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51 F.

3d 269

NOTICE: Fourth Circuit I.O.P. 36.6 states that citation of


unpublished dispositions is disfavored except for establishing
res judicata, estoppel, or the law of the case and requires
service of copies of cited unpublished dispositions of the Fourth
Circuit.
UNITED STATES of America, Plaintiff-Appellee,
v.
Adrian Lamont DAVIS, Defendant-Appellant.
No. 93-5712.

United States Court of Appeals, Fourth Circuit.


Argued: Feb. 2, 1995.
Decided: March 31, 1995.

ARGUED: Rodney Shelton Toth, Charlotte, NC, for Appellant. Robert


James Conrad, Jr., Assistant United States Attorney, Charlotte, NC, for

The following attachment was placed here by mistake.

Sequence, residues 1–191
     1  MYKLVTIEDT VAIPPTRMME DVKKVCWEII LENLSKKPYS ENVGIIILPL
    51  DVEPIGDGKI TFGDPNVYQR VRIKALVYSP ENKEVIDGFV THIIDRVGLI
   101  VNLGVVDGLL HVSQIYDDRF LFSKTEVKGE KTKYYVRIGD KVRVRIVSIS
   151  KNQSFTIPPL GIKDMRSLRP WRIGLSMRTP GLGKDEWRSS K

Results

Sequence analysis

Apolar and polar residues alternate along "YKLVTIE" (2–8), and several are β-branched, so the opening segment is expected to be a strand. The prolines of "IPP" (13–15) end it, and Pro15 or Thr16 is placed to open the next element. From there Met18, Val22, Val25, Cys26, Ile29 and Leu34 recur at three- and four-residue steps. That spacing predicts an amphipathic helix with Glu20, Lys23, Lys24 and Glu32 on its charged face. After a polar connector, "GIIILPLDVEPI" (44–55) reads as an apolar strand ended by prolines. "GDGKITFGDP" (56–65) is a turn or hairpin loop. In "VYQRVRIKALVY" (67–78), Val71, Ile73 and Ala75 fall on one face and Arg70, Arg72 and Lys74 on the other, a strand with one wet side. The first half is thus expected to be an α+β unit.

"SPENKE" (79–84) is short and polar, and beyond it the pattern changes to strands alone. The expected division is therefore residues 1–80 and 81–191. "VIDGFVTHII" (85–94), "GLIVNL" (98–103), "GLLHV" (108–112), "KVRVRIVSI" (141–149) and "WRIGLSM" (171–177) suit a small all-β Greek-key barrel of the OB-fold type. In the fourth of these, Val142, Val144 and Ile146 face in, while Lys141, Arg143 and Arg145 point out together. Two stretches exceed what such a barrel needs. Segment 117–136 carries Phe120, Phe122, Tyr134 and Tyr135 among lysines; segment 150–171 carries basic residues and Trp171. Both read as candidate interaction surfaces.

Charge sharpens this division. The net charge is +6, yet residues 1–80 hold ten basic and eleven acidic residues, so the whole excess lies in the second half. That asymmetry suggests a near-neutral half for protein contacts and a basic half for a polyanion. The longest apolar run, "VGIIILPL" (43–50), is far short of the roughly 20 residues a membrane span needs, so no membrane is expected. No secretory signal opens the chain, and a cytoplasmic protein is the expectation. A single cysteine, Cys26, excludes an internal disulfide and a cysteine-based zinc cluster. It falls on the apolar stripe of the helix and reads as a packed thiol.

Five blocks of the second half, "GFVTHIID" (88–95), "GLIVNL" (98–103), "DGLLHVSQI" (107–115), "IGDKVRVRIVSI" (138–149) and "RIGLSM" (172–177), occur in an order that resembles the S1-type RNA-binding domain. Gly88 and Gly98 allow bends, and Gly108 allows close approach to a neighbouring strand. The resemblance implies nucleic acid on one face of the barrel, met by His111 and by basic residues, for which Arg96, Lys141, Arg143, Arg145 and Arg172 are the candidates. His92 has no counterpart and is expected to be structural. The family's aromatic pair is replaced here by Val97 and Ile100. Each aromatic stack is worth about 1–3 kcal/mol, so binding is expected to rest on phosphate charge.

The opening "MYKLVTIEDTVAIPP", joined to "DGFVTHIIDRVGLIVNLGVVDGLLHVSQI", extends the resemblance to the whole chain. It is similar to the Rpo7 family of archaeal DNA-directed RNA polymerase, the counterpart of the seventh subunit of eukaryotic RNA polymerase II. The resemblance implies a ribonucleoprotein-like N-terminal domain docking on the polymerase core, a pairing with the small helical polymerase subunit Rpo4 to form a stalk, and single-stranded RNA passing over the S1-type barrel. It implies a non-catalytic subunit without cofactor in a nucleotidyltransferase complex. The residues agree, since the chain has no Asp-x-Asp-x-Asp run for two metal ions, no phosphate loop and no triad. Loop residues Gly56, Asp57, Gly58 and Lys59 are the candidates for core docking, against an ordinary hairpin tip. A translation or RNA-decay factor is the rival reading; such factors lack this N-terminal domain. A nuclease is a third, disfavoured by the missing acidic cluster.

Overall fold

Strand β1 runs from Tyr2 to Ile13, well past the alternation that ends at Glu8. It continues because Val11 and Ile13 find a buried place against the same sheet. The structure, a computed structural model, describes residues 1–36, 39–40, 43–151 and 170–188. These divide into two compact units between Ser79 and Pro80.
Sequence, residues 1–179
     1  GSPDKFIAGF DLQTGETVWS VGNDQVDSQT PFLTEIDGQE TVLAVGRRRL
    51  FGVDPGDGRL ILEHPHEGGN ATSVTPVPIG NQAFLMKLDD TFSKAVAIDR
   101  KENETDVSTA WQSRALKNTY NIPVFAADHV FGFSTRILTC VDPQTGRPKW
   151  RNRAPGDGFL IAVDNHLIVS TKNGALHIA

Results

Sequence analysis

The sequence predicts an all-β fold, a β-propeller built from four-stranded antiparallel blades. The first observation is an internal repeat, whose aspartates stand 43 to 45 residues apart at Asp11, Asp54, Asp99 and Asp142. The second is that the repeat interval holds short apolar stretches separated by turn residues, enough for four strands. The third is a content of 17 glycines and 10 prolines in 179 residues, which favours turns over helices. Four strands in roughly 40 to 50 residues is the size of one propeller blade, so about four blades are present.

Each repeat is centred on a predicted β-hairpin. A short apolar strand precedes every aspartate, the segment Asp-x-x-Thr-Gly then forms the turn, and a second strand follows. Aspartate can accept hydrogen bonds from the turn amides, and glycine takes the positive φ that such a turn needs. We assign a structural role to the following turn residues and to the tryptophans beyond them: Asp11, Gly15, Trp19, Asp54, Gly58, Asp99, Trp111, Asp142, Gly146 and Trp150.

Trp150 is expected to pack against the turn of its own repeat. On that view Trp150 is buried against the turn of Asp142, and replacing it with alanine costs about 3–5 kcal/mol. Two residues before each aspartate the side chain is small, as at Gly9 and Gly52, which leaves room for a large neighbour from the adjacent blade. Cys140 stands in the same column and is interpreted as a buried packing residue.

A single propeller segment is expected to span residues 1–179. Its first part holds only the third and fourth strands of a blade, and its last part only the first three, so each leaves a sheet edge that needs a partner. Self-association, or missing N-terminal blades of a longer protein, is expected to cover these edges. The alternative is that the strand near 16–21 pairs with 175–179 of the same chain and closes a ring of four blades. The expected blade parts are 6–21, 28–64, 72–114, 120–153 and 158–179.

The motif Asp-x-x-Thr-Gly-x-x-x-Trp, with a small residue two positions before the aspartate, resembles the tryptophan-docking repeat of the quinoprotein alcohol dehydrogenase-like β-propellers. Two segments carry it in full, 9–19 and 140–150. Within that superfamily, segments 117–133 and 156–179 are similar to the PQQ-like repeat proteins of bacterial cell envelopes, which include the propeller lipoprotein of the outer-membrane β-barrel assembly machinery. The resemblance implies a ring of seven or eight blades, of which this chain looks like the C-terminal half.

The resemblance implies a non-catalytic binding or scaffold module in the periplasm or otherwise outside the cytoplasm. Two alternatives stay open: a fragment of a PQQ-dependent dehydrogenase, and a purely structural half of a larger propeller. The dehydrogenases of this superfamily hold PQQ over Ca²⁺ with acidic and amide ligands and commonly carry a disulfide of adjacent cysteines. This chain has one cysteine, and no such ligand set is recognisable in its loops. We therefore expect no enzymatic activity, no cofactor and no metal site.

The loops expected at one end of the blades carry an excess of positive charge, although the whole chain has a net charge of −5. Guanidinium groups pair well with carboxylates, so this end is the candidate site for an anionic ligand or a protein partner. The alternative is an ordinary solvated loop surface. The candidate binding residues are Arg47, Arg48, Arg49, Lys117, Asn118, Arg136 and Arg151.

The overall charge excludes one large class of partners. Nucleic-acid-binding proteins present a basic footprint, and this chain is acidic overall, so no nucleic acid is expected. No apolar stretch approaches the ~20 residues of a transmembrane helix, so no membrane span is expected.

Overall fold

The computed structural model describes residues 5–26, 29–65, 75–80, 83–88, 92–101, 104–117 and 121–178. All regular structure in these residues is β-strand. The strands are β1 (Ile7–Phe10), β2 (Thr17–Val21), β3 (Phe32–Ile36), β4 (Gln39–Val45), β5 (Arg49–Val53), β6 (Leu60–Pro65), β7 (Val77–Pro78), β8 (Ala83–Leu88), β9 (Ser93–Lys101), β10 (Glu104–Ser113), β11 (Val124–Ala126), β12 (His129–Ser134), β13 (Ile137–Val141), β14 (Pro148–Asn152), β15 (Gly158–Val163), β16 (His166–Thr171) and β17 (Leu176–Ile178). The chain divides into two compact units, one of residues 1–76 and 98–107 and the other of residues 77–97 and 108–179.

Appellee. ON BRIEF: Mark T. Calloway, United States Attorney,
Marlene Y. Bishop, Assistant United States Attorney, Charlotte, NC, for
Appellee.
Before ERVIN, Chief Judge, and MICHAEL and MOTZ, Circuit Judges.
OPINION
PER CURIAM:

Adrian Lamont Davis appeals from his convictions and sentences for numerous
drug and racketeering related offenses. Finding no reversible error, we affirm.

I.
2

On November 4, 1992, a forty-three count indictment was returned against


Davis and eight co-defendants in the Western District of North Carolina. A
second indictment was filed on May 3, 1993, and the indictments were
consolidated for trial by the district court on May 14, 1993.

The evidence at trial demonstrated that Davis was the leader of a ruthless and
violent gang known as the Posse. The Posse was organized to acquire and sell
illegal drugs not by purchase but by robbing, kidnapping, assaulting, and
murdering rival drug dealers. There was evidence that Davis ordered the killing
of several persons, kidnapped others, committed numerous robberies and
assaults, and sold large quantities of drugs.